What Is Sushi-Grade Fish? Tips To Consume At Home
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Eating sushi at a Japanese spot can feel both, virtuous and indulgent – given the simplicity of its composition and also how it can be an acquired pleasure to most. In India, where the concept of eating raw fish is in close association with the way it is dried to be preserved, eating fresh fish in its raw form might take a minute to wrap your head around. However, once you do, the passion for sushi seeps into creating an experience in one’s own kitchen depending on how great your knife skills and patience can be.

The uncertain risk of eating raw fish mainly stems from the lack of knowledge in understanding how to treat the protein – more so in a home kitchen scenario. Besides, the stigma associated with consuming raw fish in Indian culture makes the challenge even more daunting. However, looking for options of salmon and tuna that have been labelled ‘sushi-grade’ can be a good start to working with raw fish for sushi.

What is Sushi-Grade Fish?

When raw fish was first introduced to markets in the US, the Food and Drug Administration (FDA) issued a set of guidelines which allowed consumers to use them as a reference point while purchasing raw fish. As the ingredient was a key feature only in Japanese restaurants at the time, the guidelines in no way indicated a system of certification the way Wagyu b**f was. To put it simply, sushi-grade fish basically meant that the seller had deemed certain varieties as safe to consume when raw.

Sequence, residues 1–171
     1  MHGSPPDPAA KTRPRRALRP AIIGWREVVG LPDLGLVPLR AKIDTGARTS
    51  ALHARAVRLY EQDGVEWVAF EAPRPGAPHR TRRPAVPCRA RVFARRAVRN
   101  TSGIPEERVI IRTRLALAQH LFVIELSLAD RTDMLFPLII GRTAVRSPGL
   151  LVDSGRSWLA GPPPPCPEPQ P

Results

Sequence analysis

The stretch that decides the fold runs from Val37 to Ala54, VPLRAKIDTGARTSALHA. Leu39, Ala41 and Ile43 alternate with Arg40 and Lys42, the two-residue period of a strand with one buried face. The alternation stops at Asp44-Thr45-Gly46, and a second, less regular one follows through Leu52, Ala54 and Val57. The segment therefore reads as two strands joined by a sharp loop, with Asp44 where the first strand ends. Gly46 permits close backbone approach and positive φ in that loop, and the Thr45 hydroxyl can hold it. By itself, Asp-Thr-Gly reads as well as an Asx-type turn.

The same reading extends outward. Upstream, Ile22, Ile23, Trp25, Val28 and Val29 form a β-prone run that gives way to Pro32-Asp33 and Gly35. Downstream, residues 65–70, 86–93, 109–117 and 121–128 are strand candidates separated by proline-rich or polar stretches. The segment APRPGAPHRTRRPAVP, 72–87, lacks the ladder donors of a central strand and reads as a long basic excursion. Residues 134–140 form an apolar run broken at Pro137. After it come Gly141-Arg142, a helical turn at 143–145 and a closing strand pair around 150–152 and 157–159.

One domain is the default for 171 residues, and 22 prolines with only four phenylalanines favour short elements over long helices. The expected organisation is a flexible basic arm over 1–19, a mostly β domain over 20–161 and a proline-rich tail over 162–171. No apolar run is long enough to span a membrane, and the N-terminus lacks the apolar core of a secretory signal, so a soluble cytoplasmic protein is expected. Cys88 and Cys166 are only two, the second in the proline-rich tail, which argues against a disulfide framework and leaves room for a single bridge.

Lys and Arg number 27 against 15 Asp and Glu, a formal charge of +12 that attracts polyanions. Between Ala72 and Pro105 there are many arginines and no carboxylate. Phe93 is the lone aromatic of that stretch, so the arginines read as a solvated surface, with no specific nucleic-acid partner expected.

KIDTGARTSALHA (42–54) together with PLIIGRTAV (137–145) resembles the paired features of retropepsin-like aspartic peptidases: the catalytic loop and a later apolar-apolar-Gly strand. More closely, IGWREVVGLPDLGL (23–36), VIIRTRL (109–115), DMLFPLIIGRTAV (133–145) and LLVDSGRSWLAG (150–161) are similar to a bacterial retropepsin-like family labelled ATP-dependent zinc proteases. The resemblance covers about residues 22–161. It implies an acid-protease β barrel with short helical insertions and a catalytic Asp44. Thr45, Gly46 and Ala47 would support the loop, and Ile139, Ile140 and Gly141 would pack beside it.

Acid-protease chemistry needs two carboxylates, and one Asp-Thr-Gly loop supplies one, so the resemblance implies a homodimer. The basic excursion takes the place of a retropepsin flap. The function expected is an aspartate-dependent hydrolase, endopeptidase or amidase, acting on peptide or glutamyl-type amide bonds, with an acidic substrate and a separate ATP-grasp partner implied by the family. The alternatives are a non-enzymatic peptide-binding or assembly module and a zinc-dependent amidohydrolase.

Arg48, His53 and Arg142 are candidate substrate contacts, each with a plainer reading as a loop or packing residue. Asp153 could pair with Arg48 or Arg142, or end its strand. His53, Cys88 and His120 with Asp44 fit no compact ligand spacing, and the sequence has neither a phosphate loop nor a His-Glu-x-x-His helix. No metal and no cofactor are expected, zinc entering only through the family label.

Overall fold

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Tips For Handling Raw Fish At Home

Assess Your Fish Market

One of the biggest risks involved in buying and consuming raw fish is the chances of bacterial contamination running high. Once you find the right seller, make note of how they store fresh fish. While filleted fish are usually placed on cold metal trays set on a mountain of crushed ice, whole fish is usually meant to sit upright in the ice – giving it the same effect as fish might swim in the water. This ensures that one side of the fish isn’t squished under the weight, which will be detrimental to the quality of your protein.

Buy Whole Fish

If you’re out seafood shopping, freshly cut fish fillets might not be ideal to consume raw for a number of reasons. Moreover, it is easier to get a sense of the fish’s freshness when it is still whole – firm, unblemished flesh, clear eyes and red under the gills. Avoid purchasing freshwater fish or cod fish for your sushi consumption, stick to farmed salmon and tuna instead.

Cold Temperature

If you’ve ever visited a live sushi restaurant, chances are that you might spot the fresh catch resting over mountains of ice. Considered to be one of the best ways to avoid the parasites moving from gut to flesh, using ice packs along with crushed ice while processing fish at home can allow you to fillet it easily without making trips to the refrigerator each time. Additionally, allow your whole fish to remain refrigerated until you’re ready to fillet it, as a way of keeping temperatures low at all times.